In those early years, he and his wife did not want to believe that CP was something permanent; they kept hoping for a cure.
“We sought all sorts of help and therapy, from visiting a temple in Seremban, to seeing a bomoh and even sending Jennifer and Jeremy for Indian massages.”
But as they learnt more about CP, they finally understood and accepted the inevitable.
“The important thing for CP sufferers is to continuously undergo physiotherapy and speech therapy, so that they can function and live more effectively,” Ong says.
“When Jennifer was about 25, she always asked me why she is the way she is and why she needed to go for physiotherapy, which is painful. All I could do was console her and say physio was necessary for her to be healthy.”
Now that the Ongs are retired, their schedule revolves round their children. Every morning, Ong will drive Jennifer and Jeremy, together with other children with CP, to the SCA, where classes start at 8. At 1pm, the route is reversed. In the afternoons, he takes over some of the household chores from Nancy.
“We seldom talk about our situation. When it first happened, we just lived with it. We were quite young then and busy with our jobs. Also, we didn’t feel the strain so much because we had a maid to help out.
“When Jennifer and Jeremy were younger, they were much easier to manage. When we entered our 40s, we realised the difficulties of caring for two CP children who were growing up. I have to carry both of them to the washroom. My wife then takes over Jennifer and I handle my son,” adds Ong, who also volunteers at the SCA. He drives a specially built van to ferry other CP children around, and helps out at the centre.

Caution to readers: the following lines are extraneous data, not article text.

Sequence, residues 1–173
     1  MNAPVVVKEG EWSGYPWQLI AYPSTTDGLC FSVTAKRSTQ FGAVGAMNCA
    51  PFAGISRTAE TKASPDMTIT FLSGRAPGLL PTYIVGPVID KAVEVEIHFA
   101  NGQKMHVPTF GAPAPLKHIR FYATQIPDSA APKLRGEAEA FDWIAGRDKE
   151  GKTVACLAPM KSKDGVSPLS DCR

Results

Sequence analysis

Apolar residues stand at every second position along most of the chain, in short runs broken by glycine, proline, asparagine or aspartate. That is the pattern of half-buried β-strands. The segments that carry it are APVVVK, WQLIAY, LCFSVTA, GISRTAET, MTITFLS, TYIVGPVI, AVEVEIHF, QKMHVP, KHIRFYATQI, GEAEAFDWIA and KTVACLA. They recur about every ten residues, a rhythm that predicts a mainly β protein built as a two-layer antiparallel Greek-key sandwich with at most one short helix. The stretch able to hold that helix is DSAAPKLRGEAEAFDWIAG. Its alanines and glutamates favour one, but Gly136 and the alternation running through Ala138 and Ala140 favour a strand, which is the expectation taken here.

Ong knows it’s no fun being wheelchair-bound or cooped up indoors. So, occasionally, he takes his children to wheelchair-friendly Ikea and The Curve in Petaling Jaya, where there is easy parking for the disabled. “As a father I really need lots of patience. But as I grow older, I find that I have less of it. Sometimes I wonder why I get angry so fast; then I learn to calm down,” Ong admits.
As for communication, he understands his children’s frustration and disappointment when they try to tell him something and he cannot understand them,
“My kids can talk and eat by themselves. Sometimes I put myself in the position of parents whose CP children cannot move, then I don’t feel so bad.”
Ong believes it is very important for parents of children with any disability to mix with similar parents and form a support group. It is crucial for them to talk about their special child and let their feelings out. “If you keep your feelings and your guilt in your heart, they will explode one day.”
Looking ahead, this committee member of a parents support group says: “The Spastic Centre is putting up a new building and we are lobbying for a respite home to be set up in the new block. The home will enable a CP child to stay in temporarily and give his parents time off to go out or attend to personal matters.”